It looks at both the long term impact of Katrina, and also explains why the market has been moving higher despite the bad news.
Here is the ubiq-cerpt™:
"Yet at the same time, the market’s internals and technicals have been quite healthy. This explains in part why the markets have proven so resilient lately. In the weeks leading up to Katrina, both the Dow and Nasdaq were making higher lows. The Nasdaq held critical support recently and bounced off of it. Redwood Technimentals Chief Strategist Kevin Lane notes, "It is hard to envision a harsh sell-off while the NYSE Composite Index is making new highs. All this recent activity suggests to us that we may be able to challenge the upper end of the range again." This despite the long-term economic damage Katrina has wrought.
How do we reconcile these two apparently opposed factors? Consider them over differing timelines: There is an increasing danger of economic deterioration over the longer term (12-24 months). In the shorter term (one to three months), the markets have enough strength to power higher."
In other words, different market influences will have their impact felt across very differing time frames.
Here’s my list, from longest to shortest:
Monetary Policy (Interest Rates, Taxes, Money Supply)
Note that there are various aspects of each of these that can impact each other at times. For example, I have noted on several different occasions that markets can apply a different P/E mulitple to stocks at different times. The 1982-2000 rally started at a S&P500 P/E of 7, and ended at nearly 30. Clearly, pschology/sentiment plays a key role in this. Otherwise, why would a Dollar of earnings be worth only $7 in ’82, but worth 4X that amount later?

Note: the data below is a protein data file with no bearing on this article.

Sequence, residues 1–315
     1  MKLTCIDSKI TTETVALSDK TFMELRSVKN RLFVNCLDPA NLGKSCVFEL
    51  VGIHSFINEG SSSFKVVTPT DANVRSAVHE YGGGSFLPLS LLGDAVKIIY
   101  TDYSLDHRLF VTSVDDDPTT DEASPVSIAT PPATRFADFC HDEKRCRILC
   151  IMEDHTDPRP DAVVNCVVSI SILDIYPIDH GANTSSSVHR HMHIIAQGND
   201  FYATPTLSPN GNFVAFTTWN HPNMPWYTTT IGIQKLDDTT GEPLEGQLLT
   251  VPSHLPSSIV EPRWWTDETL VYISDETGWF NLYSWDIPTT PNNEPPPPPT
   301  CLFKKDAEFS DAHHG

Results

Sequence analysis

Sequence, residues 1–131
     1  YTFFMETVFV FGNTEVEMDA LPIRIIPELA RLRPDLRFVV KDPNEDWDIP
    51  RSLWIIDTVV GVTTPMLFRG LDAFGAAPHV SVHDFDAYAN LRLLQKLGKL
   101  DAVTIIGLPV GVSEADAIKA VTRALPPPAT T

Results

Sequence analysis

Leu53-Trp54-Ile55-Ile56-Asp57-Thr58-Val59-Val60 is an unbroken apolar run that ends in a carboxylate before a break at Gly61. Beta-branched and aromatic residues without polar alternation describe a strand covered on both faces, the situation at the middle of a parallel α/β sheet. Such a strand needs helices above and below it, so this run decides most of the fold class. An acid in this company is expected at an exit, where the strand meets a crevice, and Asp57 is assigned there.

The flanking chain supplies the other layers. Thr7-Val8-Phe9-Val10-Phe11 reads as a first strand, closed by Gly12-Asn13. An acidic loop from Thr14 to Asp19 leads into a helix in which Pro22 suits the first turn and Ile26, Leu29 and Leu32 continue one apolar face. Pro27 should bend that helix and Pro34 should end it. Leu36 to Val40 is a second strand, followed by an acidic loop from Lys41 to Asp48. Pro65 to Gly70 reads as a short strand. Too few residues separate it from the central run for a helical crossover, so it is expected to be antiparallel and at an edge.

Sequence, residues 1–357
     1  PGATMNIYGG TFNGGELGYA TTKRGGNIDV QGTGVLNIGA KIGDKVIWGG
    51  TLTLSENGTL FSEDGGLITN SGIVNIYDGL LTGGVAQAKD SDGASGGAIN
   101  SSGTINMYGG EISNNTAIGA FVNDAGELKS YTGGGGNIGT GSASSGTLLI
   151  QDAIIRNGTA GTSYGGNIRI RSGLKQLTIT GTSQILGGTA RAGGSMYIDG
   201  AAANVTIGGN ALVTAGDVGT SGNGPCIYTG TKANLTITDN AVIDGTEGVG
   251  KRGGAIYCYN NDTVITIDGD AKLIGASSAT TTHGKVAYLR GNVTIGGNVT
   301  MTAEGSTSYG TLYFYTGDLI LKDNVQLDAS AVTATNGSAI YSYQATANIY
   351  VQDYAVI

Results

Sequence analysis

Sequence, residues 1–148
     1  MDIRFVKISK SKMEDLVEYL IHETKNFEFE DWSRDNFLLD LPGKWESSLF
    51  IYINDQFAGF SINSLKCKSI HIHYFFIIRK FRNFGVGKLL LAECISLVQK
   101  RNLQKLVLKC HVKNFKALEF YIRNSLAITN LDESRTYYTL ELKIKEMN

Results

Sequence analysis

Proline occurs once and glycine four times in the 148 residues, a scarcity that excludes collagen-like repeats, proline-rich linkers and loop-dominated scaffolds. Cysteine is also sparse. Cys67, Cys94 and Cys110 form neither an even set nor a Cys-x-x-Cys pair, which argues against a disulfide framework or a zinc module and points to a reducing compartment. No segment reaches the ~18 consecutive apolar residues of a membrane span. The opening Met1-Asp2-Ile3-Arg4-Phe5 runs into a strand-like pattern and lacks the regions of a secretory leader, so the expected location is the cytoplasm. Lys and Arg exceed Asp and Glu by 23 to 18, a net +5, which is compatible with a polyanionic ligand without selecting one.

Ignore the Pundits — Katrina Will Hurt
RealMoney.com, 9/9/2005 10:41 AM EDT
The previous chart reveals the long standing secular moves of the markets; What’s an investor to do during one of the long periods of weakness? One answer is to learn to be more nimble, and trade the cyclical markets. > Dow Jones Industrial Average, 1966 – 1982 click for larger chart data for chart courtesy…Read More
Yet another look (see prior takes here and here) at the concept of market cycles. The past century shows alternating Bullish and Bearish phases, secular periods each lasting for an extended time (between 10 to 20 years). > Dow Jones Industrials, 1903 – 2004 Note that markets are up slightly for 2005 since this chart…Read More